Progress with alerting continues to be elusive. It is disappointing to witness the decline in complex rules-based alerting at the time of CPOE in the in-patient environment. Of the 14 vendor products measured, only four recorded increases in complex, rules-based alerting at time of in-patient CPOE. Rules-based alerting on the ambulatory side, however, is increasing; and the increase is meaningful, jumping from 44% last year to 63% this year.
Order Entry Times
The biggest challenge and complaint from physicians is that it takes longer to enter an order electronically; hence today's focus and attention from providers and vendors alike on workflows, order sets, pharmacy integration and devices, along with the need for physician champions, executive involvement and fortitude. Despite the challenges, one provider summarized, "Clinically, this is the right thing to do for the patient."
Device selection and placement require due diligence both from a physician perspective as well as the technology behind it. Approach this with caution. One provider explains, "We have computers in every patient's room, and they never get turned on … The doctors don't want to do their documentation in the room with the patient."
When asked about what lessons they had learned from their CPOE initiative, providers quite often mentioned workflows and order sets (31%) as something they wished they had outlined extensively. Providers explained that one needs to do more than just define the workflow/order set. Those who reported the most success had made progress in evidence-based medicine (which requires significant clinician buy-in) and those who avoided too many defaults that initiated unnecessary tests or charge - yet flowed enough for physicians.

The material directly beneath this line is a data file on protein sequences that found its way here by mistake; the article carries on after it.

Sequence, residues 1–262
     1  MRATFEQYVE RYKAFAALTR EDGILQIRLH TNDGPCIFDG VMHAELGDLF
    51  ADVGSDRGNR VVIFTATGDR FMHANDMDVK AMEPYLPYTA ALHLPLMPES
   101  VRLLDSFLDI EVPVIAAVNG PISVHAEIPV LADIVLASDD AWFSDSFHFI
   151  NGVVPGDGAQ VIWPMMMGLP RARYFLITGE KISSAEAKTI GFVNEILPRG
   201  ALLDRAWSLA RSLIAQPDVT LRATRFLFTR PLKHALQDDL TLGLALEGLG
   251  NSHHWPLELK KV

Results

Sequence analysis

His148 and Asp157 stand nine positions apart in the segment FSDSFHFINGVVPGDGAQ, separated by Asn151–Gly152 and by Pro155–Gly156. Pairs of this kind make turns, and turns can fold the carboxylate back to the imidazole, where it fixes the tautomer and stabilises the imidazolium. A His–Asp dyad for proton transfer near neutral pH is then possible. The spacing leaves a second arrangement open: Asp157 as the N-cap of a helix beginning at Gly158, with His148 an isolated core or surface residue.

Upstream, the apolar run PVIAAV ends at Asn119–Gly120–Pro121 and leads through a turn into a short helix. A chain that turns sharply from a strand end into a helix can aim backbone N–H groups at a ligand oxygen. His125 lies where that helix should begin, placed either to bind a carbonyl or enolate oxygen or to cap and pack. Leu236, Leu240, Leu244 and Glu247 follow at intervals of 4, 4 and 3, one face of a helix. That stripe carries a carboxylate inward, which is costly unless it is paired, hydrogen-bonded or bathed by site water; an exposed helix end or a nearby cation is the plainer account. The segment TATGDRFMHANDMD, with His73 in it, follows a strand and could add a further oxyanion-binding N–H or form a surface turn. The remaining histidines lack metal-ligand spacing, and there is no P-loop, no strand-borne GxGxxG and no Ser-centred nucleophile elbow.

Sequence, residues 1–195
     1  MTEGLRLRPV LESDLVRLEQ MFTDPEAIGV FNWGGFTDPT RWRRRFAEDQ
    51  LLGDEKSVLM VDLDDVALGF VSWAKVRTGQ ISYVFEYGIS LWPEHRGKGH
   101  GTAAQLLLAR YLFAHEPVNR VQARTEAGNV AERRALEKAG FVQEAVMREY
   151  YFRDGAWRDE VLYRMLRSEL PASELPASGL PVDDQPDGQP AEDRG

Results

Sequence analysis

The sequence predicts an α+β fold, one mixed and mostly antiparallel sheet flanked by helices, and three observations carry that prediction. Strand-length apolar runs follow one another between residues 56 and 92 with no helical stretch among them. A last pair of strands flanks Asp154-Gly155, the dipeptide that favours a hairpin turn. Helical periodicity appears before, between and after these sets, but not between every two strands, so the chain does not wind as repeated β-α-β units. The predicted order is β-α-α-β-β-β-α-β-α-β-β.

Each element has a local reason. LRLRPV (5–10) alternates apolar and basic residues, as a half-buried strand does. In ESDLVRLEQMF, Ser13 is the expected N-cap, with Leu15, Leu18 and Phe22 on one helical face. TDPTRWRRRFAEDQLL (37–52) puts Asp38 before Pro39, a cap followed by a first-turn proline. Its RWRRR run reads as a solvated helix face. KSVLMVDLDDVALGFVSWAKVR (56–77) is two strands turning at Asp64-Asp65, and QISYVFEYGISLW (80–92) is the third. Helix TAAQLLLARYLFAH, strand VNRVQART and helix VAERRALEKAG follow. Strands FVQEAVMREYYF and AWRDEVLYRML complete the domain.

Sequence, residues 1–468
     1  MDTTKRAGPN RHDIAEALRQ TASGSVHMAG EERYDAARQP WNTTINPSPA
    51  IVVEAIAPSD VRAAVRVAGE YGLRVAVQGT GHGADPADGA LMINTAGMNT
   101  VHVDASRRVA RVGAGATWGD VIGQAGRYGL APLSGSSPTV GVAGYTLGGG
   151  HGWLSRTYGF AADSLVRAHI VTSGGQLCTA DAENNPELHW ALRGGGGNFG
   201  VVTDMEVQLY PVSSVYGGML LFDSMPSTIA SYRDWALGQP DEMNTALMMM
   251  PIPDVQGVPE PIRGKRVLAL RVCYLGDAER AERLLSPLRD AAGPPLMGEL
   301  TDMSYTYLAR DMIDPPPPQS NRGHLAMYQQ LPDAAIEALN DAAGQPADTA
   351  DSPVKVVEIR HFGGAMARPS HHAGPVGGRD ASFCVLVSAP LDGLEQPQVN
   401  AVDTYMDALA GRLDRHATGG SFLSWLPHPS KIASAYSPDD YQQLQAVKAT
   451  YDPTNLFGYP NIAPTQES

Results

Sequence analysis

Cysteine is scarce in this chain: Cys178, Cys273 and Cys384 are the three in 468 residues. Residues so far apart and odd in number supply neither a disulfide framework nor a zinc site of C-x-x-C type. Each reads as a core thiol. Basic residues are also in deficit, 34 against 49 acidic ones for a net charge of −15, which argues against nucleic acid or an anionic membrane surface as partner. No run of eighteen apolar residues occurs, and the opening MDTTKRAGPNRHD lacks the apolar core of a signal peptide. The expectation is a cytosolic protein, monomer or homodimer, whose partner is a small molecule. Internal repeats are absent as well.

In addition, respondents often expressed the need for physician/nurse champions (29%) to lead the cause for CPOE usage. Study participants often reported they didn't realize how much nursing relies on a piece of paper and verbal physician communication in order to take action. Using nurse champions in addition to physician champions may alleviate some of the problems inherent in changing the impetus for action.
Other common lessons learned were concerning the need for clinician/nurse adoption and buy-in (19%), communication between departments (16%) and a good training plan (16%).
The Good News
The good news is that CPOE usage is rising, so the doctor is definitely in - at least the majority of the time. As more physicians are encouraged to use CPOE and more hospitals begin to go live, patient errors will continue to decrease. The crucial step most organizations need to take now is to determine their CPOE expectations, find the vendor that best fits their needs and benefit from the lessons learned by other CPOE sites. Soon enough, the doctor will be in and using CPOE at your site.
KLAS , founded in 1996, is the only research and consulting firm specializing in monitoring and reporting the performance of healthcare's information technology ( HIT ) vendors and products. Our senior management staff and advisory board average 25 years of healthcare information technology experience.
How We Serve the Healthcare Industry: KLAS , in concert with thousands of healthcare executives, CIO s, directors, managers and clinicians, has created a dynamic database of information about the performance of HIT vendors. The KLAS database represents the opinions of healthcare executives, managers and clinicians from over 4,500 hospitals and 2,500 clinics on more than 750 different products. The information is continually refreshed with new performance evaluations and interviews daily.
The KLAS database is dynamically and effectively used by:
- Healthcare organizations, to align expectations with a vendor's actual performance, to assist in strategic planning and contract negotiations and to validate decision processes
- Vendors, to monitor their performance in comparison with competitors
- Consultants, for current performance information on a specific company or product
- Healthcare investment firms, to evaluate publicly traded HIT company performance and trends or the competition for a new entrant.
About the Author(s)
Stacilee Oakes Whiting is the manager of corporate publishing for KLAS, Orem, Utah.
Adam Gale is Chief Operating Officer at KLAS Enterprises. For more on the CPOE study, visit www.healthcomputing.com.
Be the first to comment on this!
Personal Subscriber? Sign In
Note: Please enter a display name. Your email address will not be publically displayed